Human error in the training set

In computer vision task, if the training set was labeled by humans, there can be a error in the labels as well. In a such scenario is it possible to surpass the human-level performance?

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No. I think machines can never surpass human-level performance. From the human level, I mean a group of experts, not individuals. Though machines can be fast.

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It’s an interesting question whether the training can do better than the quality of the labels on the data. Intuitively it should not be possible to perform better than the quality of the training data. So in that scenario the “real” human error of a team of experts, as Saif says, would be better than the quality of the training data and thus the model could not exceeed human performance. So the relationship would be:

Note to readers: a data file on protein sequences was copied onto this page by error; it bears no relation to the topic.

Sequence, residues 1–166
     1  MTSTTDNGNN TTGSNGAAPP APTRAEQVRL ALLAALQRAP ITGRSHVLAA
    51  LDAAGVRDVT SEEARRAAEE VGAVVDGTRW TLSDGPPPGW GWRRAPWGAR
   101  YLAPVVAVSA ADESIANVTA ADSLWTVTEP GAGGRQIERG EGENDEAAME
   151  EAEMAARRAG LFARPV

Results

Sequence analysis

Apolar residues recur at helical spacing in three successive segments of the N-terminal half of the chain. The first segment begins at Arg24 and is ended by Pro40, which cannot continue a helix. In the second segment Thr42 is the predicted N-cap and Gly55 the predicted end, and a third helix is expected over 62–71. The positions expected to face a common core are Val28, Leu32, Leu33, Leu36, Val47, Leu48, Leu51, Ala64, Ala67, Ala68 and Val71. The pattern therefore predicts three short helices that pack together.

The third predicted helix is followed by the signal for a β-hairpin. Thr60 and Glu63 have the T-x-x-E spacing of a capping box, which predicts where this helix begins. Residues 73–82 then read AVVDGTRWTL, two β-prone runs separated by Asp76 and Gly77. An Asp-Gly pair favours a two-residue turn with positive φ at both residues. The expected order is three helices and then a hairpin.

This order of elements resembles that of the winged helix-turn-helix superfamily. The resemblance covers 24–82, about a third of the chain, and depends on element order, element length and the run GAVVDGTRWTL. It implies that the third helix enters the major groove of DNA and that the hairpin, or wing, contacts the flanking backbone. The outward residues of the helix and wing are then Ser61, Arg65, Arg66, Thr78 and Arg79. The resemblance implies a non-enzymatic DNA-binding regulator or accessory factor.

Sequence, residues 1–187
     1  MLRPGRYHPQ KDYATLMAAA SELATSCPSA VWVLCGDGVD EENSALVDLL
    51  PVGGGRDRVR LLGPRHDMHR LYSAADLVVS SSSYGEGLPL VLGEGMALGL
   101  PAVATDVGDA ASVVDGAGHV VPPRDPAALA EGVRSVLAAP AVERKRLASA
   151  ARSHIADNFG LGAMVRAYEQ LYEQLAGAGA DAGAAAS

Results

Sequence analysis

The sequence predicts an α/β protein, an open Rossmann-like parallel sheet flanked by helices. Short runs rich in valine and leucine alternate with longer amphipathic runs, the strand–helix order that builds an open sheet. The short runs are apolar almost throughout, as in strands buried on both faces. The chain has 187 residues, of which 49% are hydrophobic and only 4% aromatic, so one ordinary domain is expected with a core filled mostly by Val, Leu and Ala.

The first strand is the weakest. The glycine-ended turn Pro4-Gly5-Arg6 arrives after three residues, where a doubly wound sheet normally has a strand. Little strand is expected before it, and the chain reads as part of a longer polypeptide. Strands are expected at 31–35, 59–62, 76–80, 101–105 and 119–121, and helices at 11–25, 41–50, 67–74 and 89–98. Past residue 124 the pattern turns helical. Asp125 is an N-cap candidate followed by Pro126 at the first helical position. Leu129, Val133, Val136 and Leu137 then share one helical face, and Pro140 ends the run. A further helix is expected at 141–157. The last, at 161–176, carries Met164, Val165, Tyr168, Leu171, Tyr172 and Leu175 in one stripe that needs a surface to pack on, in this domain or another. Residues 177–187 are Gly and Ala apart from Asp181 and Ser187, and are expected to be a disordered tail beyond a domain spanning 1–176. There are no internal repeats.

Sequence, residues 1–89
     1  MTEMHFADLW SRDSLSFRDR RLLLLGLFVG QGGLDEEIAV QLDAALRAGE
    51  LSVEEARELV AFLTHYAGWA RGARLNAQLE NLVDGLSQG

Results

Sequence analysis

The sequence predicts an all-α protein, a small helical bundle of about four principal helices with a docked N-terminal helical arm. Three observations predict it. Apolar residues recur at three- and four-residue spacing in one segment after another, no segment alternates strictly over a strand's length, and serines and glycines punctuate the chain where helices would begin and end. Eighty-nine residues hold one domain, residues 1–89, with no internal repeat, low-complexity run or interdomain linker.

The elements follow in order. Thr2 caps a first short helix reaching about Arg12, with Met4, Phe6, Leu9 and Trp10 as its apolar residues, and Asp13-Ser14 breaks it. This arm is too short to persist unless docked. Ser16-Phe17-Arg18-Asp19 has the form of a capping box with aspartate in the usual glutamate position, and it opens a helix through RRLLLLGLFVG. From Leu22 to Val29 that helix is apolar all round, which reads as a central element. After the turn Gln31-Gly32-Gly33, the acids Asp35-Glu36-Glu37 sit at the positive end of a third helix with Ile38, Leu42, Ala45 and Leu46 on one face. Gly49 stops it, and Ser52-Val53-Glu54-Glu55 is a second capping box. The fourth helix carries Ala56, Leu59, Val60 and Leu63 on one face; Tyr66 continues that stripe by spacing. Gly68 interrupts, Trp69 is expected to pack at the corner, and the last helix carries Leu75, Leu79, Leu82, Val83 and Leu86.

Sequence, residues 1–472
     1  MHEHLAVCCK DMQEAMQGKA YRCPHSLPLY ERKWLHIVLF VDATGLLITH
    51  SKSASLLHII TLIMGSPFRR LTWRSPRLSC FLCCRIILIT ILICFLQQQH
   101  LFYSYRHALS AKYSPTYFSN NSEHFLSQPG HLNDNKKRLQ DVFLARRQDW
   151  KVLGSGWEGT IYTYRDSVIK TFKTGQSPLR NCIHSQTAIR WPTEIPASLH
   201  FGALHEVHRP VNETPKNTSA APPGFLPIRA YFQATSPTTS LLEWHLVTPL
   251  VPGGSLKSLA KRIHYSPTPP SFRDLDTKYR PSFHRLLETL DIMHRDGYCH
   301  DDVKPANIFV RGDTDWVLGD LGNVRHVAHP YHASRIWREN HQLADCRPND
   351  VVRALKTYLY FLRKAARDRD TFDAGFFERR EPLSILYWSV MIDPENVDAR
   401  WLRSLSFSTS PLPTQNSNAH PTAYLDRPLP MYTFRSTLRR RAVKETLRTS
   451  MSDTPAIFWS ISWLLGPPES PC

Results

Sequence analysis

human error < training set error <= model error

But on the general question of whether a model can ever exceed human performance, that’s a bit more subtle. On computer vision tasks, the best human performance is pretty hard to beat if you are using the “team of experts” model. But there is at least one famous case of the Google Ai model that learned to determine the sex of the patient from retinal scans, which opthalmologists had previously believed was impossible.

But Prof Ng discusses the general point in Course 3 (I forget which lecture) and makes the point that there are some tasks that humans just aren’t that good at. The particular example I remember him giving was recommender systems for showing people products they might find interesting on a website. It turns out that algorithms are actually way better at that than humans. :laughing:


Thank you for the explanation.

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Thank you for the explanation .

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